The coaches and staff of the Poolesville Basketball Association are keenly aware that they have a greater responsibility and commitment than most parents or children can fathom.

And it has little to do with that orange leather ball.

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~ Is Something Burning? ~

We were at our new friend’s house tonight.  They had bought a wonderful hundred-year-old farm-house on a few acres, complete with a big red barn worthy of any children’s book.  (Go find The Big Red Barn if you have never read it.  Then come back to this post and go “AH!”)

It was a cool, crisp, clear night…one that was supposed to be full of shooting stars due to a rare meteor shower.   All of us had lifted our eyes to the stars, sipping Hot Cider that Jackie and Dave had ever-so-kindly warmed for us in a Dutch Oven over the bonfire.  The dogs were out running around the barnyard with Critter and Jeremy and Jesse.  Varmint and her friend Julia cuddled near and were, like us, searching the night sky.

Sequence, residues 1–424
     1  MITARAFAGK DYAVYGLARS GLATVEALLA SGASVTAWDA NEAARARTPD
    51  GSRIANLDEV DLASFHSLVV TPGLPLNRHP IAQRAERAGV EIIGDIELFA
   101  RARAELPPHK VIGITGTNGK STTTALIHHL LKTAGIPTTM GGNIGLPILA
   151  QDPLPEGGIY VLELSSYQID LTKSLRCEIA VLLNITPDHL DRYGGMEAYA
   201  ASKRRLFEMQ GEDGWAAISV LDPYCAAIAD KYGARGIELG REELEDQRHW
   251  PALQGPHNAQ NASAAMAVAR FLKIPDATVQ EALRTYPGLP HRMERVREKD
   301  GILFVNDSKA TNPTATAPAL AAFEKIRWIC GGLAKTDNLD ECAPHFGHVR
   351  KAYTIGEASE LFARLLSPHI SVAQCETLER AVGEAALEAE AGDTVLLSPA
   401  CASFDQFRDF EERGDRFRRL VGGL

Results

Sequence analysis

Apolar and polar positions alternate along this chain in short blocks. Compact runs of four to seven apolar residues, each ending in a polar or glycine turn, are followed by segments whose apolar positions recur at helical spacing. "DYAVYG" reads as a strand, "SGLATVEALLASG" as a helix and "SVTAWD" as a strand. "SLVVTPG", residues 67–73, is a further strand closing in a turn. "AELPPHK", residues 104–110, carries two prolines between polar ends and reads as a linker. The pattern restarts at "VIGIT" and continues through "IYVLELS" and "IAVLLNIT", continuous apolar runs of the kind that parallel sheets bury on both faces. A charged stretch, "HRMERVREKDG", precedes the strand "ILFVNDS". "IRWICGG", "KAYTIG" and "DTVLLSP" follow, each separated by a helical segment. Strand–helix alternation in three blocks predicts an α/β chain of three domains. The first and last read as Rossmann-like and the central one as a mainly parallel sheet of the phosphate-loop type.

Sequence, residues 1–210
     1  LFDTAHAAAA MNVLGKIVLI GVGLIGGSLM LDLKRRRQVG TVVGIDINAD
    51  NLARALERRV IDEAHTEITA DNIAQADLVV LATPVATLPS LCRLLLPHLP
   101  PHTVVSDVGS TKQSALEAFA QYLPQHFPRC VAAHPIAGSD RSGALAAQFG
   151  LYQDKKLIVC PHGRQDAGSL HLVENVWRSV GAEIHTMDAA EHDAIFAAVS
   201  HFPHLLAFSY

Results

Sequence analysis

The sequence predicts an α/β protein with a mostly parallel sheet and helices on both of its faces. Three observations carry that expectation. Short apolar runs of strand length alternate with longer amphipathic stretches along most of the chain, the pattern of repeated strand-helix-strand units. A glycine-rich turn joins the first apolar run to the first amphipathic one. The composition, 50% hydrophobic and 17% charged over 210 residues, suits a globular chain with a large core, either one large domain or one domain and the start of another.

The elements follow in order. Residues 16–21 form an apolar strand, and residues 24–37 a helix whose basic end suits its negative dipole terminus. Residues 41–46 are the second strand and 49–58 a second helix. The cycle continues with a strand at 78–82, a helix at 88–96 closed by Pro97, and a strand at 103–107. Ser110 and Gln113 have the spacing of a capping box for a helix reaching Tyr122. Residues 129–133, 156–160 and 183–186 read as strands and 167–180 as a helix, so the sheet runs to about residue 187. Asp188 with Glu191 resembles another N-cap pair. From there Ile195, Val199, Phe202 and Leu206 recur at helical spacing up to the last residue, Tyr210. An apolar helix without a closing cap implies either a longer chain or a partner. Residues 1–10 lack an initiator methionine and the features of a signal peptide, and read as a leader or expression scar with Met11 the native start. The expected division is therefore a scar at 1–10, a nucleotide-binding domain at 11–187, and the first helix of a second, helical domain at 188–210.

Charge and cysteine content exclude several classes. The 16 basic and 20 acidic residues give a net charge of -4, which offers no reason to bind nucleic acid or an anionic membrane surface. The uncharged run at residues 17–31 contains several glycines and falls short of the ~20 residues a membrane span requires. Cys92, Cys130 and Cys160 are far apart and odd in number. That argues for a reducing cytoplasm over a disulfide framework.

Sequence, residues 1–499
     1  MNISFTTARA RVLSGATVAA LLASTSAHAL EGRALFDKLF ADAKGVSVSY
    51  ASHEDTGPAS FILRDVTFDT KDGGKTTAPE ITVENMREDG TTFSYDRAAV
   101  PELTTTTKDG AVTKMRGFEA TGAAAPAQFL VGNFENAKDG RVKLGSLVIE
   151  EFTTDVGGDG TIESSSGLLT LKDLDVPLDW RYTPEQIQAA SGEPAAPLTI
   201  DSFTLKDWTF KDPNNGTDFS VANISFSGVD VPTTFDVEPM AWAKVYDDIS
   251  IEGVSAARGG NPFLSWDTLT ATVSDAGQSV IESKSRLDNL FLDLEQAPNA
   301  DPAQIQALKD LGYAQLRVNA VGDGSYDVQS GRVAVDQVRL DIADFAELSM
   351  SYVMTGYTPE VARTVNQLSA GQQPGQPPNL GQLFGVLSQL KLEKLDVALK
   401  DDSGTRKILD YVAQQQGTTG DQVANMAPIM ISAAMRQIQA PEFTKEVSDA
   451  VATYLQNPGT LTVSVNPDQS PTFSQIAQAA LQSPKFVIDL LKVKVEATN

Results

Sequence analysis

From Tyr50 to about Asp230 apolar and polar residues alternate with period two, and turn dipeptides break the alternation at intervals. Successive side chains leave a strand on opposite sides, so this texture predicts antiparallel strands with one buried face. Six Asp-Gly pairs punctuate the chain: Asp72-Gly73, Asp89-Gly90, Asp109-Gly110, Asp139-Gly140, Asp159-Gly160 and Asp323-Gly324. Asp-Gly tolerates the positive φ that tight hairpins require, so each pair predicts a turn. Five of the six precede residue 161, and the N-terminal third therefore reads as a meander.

The crickets chirped and sang.

Wood smoke wafted through the air.

And then…

“AUGH!!!”  Varmint rocked back too far in her campchair trying to better see the sky, and fell (as my Dad would say) ‘ass-over-teakettle’.  All we could see were her feet flailing wildly in the air as we gasped and laughed.

And then…


In her descent, Varmint’s chair had caught the camp table behind her…… the table that held the hot dogs and condiments and cider.  And it was all slowly dumping on top of her!

My Captain rushed over to help her.  Jackie and David rushed over to help her.  Even the dogs rushed over to….well, I think they were in truth looking for the fallen hot dogs….but me, I sat where I had been, laughing so loudly and forcefully, it caused my rump to sing.  (That’s polite-talk for ‘fart’.)